The second thing of which Titus is to remind the new Christians ties in with the first. Christians are “to obey” (v. 1b) God. Christians must always obey God before the laws of men.
But they also must be subject to the consequences of breaking the laws of men, even if they are following the laws of God. Paul lived out this teaching.
Thirdly, Titus is to remind them “to be ready for every good work” (v. 1c). This is a reminder to not be like the false teachers in the church, who are not doing “good work”.
Next, Paul elaborates on the behaviors of the false teachers and their converts which are to be avoided. He writes “to speak evil of no one, to be peaceable, gentle, showing all humility to all men” (v. 2).
Paul continues by writing “For we ourselves were also once foolish, disobedient, deceived, serving various lusts and pleasures, living in malice and envy, hateful and hating one another” (v. 3). The new Christians are to be reminded that they, and all non-Christians, “were also once” (v. 3a) like the false teachers and their converts.
The literal Greek translation for verse three is “were For then also we senseless, disobedient, being led astray, slaving for lusts and pleasures various, in malice and envy living, hateful, hating one another.” With the use of the word “we” Paul includes himself.
This was our nature, before becoming Christians. We are either under the control of Satan, or under the control of God.
Next, Paul writes “But when the kindness and the love of God our Savior toward man appeared 5 not by works of righteousness which we have done, but according to His mercy He saved us,” (vv. 4-5a). When “the kindness and love” of Christ “appeared” in the world, we were “saved”.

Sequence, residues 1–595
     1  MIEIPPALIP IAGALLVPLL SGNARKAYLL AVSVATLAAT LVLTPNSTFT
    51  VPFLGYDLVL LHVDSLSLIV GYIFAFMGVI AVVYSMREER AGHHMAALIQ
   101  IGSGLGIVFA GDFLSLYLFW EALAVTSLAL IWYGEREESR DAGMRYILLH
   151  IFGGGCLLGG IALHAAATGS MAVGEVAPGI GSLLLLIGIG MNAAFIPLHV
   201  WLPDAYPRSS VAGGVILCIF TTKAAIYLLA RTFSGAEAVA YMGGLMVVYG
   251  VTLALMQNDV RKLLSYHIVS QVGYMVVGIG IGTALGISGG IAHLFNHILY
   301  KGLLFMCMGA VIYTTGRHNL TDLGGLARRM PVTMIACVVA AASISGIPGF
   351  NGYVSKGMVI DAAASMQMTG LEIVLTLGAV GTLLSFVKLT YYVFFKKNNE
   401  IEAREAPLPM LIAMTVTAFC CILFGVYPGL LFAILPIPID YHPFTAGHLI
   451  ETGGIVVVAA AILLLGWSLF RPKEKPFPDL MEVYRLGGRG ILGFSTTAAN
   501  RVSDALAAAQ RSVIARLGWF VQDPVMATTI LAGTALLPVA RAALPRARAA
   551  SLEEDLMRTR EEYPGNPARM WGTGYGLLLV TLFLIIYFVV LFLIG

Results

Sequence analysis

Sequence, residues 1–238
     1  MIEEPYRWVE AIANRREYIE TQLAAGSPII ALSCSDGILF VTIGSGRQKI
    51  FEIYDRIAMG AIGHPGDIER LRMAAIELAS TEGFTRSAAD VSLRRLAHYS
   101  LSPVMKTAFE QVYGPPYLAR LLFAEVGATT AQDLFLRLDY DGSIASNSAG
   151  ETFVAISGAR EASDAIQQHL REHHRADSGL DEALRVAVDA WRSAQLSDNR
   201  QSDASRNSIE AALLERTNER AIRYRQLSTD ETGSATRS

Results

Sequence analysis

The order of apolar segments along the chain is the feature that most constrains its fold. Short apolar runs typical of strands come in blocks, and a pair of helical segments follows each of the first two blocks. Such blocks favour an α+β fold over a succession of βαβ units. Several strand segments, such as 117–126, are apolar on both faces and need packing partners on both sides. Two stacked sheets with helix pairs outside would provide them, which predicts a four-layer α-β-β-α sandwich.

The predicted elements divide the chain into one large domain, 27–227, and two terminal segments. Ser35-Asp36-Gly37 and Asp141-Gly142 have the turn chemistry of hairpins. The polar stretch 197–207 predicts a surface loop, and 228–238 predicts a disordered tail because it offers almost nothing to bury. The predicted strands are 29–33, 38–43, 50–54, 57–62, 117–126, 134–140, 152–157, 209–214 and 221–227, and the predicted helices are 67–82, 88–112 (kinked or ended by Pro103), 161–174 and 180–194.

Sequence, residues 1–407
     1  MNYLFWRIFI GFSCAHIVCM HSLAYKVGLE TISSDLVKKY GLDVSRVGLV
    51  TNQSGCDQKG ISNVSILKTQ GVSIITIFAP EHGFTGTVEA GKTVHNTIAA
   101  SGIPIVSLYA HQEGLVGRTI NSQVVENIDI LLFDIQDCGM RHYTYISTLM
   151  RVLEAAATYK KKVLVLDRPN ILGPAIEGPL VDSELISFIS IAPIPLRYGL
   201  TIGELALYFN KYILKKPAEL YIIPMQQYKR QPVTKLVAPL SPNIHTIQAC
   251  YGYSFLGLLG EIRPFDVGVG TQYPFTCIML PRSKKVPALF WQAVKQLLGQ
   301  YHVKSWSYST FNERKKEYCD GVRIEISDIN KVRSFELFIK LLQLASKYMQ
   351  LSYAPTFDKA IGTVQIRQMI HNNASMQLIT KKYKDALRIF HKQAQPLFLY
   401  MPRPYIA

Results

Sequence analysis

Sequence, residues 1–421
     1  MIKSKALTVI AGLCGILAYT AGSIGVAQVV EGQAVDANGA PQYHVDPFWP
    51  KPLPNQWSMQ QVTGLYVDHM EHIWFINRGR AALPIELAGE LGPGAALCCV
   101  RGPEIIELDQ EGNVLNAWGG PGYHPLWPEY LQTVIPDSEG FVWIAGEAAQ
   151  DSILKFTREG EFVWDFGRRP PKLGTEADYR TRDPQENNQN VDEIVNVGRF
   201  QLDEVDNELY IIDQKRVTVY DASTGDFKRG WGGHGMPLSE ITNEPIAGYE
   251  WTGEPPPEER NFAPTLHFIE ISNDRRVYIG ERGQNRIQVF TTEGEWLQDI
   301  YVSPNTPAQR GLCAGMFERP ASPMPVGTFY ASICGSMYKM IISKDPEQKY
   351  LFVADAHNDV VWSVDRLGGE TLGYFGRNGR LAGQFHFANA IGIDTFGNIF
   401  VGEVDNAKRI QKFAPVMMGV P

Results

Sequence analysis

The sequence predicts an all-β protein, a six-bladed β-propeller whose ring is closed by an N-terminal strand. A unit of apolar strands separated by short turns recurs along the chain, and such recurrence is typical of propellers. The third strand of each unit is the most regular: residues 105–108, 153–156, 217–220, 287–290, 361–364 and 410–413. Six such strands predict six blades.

Jesus Christ came from Heaven to this world and died on the cross, so that all who believe in Him would be saved from the penalty of sin, from eternity in Hell,
We were not saved by doing good works, but by the grace of God.
Grace is defined as undeserved and unmerited favor. We were given grace through the “mercy” of God.
Paul writes “through the washing of regeneration and renewing of the Holy Spirit” (v. 5b). The literal Greek for verse 5b is “He saved us through washing of regeneration and renewal of the Spirit Holy.”
The “washing of regeneration” is the spiritual cleansing, the changing of our heart, that occurs when we accept Jesus Christ as our Lord and Savior. The “renewal of the Spirit Holy” happens when we are indwelled by the Holy Spirit upon that acceptance of Jesus Christ.
Baptism is a symbol of “spiritual cleansing”, and is our public announcement of that event. The act of baptism is also in obedience to the command of Jesus Christ.
Paul closes this passage by writing “whom He poured out on us abundantly through Jesus Christ our Savior” (v. 6). The Holy Spirit is poured out on us abundantly by the Lord Jesus.
God the Holy Spirit renews us. He changes our hearts. He is the helper Jesus sent to us when He had to depart this earth.
He is the “power” (Acts1:8) to live a Godly life. He is everything we need. The rest is up to us.
We must allow the Holy Spirit to live through us, controlling our decisions, our life. Then we also can display the “kindness and love of God our Savior.”